IV.-Table showing the armament required for the temporary works that should be thrown up in the event of a war with a naval power becoming probable.
15- 10- 8- 8- 32-
inch inch inch inch pound
Long Island Head, Boston -- 13 12 -- 13
Other positions in Boston -- 8 7 -- 8
Gloucester and other places -- 25 25 -- 25
Total -- 46 44 -- 46
24- 24- Morta Total Grand
pound pound rs, total
ers er and inclu
howit field ding
zers piece guns
Long Island Head, Boston 12 -- -- 38 50
Other positions in Boston 7 -- -- 23 30
Gloucester and other places 25 -- -- 75 100
Total 44 -- -- 136 180
It must be borne in mind that a portion of the armament designated for the works now completed, or approaching completion, has already been provided, and this must be deducted from the amount specified for these works in Table I.
The substance of the above views is as follows:
First. The appropriations recently made by Congress will suffice for the completion of the permanent defenses now under construction in Boston Harbor, and will allow of material progress being made upon the fort which is building at New Bedford.
Second. Permanent forts should be commenced as soon as possible at Provincentown Harbor, Salem, Marblehead, and on Egg Island Shoal, New Bedford Harbor. Funds for commencing these may be derived from the State, following the suggestions of Mr. Seward's circular on the subject.
Third. Other towns and harbors on the coast should be provided with defenses of a permanent character hereafter whenever means can be spared for the purpose.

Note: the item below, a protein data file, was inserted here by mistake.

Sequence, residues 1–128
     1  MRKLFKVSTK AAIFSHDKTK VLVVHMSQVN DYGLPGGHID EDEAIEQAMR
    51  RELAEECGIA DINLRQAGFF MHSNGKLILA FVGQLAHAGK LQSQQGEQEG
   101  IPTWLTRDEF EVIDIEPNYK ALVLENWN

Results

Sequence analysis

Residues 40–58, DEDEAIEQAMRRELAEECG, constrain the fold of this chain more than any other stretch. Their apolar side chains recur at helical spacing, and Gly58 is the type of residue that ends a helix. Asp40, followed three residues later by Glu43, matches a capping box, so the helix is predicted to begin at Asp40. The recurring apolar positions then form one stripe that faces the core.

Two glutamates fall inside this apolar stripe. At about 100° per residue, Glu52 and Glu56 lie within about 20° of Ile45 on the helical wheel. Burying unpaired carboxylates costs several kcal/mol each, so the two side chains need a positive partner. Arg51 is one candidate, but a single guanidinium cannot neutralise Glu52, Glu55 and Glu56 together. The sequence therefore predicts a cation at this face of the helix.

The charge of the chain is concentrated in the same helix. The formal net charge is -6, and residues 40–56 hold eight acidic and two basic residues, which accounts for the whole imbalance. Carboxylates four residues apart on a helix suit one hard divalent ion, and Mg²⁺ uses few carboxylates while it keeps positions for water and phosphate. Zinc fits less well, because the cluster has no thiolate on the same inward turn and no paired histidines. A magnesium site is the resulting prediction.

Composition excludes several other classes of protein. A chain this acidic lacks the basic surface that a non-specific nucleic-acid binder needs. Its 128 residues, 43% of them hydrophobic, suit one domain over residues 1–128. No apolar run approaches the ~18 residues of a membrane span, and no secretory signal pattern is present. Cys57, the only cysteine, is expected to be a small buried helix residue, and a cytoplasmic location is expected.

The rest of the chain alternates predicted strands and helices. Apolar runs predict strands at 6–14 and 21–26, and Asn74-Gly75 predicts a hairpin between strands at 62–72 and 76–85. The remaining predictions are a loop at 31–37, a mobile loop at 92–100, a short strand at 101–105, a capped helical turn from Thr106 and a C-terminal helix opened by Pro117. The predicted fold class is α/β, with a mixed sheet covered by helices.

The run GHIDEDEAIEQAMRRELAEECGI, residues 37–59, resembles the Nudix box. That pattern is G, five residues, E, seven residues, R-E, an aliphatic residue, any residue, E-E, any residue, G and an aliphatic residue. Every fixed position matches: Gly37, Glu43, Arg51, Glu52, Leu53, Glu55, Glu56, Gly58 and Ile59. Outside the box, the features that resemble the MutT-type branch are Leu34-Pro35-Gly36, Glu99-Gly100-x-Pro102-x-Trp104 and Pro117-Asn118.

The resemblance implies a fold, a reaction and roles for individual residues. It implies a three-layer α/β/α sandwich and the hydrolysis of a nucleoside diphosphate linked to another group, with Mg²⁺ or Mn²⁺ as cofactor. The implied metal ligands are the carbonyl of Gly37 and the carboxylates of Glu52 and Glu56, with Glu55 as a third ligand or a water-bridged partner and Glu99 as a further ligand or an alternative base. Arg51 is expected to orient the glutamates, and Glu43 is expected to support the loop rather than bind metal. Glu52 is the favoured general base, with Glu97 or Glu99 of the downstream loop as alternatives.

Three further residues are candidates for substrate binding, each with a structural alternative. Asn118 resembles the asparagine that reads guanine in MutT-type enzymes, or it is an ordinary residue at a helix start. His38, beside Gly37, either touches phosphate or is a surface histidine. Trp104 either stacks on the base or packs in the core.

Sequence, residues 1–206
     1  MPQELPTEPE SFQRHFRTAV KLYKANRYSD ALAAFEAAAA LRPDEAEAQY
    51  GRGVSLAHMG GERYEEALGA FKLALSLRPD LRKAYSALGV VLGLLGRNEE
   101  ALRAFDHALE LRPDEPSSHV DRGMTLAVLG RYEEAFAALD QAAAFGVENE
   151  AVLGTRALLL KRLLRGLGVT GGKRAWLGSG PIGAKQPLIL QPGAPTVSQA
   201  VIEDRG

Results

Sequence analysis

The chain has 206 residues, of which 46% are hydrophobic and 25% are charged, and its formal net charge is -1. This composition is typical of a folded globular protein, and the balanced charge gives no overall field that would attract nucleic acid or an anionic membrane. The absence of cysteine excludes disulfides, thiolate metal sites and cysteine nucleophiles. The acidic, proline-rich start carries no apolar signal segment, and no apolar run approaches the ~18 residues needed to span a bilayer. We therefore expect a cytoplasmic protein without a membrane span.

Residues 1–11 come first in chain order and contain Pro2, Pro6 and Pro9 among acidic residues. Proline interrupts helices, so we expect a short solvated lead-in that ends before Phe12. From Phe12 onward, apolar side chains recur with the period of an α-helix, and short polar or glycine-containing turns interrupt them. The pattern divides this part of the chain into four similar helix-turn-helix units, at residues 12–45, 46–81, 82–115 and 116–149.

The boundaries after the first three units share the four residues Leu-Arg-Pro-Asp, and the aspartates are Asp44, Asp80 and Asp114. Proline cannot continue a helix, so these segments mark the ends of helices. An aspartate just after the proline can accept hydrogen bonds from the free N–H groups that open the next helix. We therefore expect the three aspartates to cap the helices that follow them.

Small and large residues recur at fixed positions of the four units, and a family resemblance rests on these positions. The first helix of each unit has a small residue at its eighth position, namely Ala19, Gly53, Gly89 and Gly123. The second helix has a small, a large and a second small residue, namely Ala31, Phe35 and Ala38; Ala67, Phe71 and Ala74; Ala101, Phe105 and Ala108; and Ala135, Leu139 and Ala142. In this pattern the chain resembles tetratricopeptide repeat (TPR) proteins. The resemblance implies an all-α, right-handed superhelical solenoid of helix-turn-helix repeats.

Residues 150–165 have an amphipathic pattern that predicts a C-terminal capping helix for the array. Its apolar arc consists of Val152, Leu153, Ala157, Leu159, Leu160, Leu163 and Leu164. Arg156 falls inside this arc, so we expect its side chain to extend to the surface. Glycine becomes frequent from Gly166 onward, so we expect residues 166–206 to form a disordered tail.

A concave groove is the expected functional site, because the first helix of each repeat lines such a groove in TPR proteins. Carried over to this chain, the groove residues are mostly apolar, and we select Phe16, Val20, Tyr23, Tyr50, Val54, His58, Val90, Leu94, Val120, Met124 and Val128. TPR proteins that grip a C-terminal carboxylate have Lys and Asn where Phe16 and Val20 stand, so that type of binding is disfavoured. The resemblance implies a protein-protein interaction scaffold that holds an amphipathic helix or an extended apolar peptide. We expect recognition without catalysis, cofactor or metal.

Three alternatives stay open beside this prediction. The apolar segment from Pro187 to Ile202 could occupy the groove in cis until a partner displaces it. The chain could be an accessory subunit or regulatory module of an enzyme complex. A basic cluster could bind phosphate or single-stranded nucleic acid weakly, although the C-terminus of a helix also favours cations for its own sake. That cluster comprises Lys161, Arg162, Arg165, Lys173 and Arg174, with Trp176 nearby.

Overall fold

Fourth. In the event of war being probable temporary works should be resorted to in a number of places as substitutes for the permanent works not yet built, or as additions to the defenses of some important places.
Fifth. Heavy ordnance has yet to be provided and for those yet to be both for fortifications now about completed and for those yet to be constructed, permanent and temporary. The preparation of this ordnance canot be urged forward to vigorously or unremittingly, for while the temporary works can be constructed in a few weeks, perhaps days, the armaments for them can be prepared only by material expenditures of time, money, and labor. To build these works when the armament for them cannot be supplied will be useless, may be very prejudicial to us, and it is equally true of the strong permanent forts that they cannot properly serve their purpose until they are fully armed with the heavy guns which are designed to be placed in them.
I have the honor, &c.,
JOS. G. TOTTEN,
Brevet Brigadier-General and Colonel of Engineers.
Washington City, D. C., March 22, 1862.
JOHN V. L. FINDLAY,
SIR: The Secretary of War directs me to acknowledge the receipt of your letter without date, desiring to know "whether the original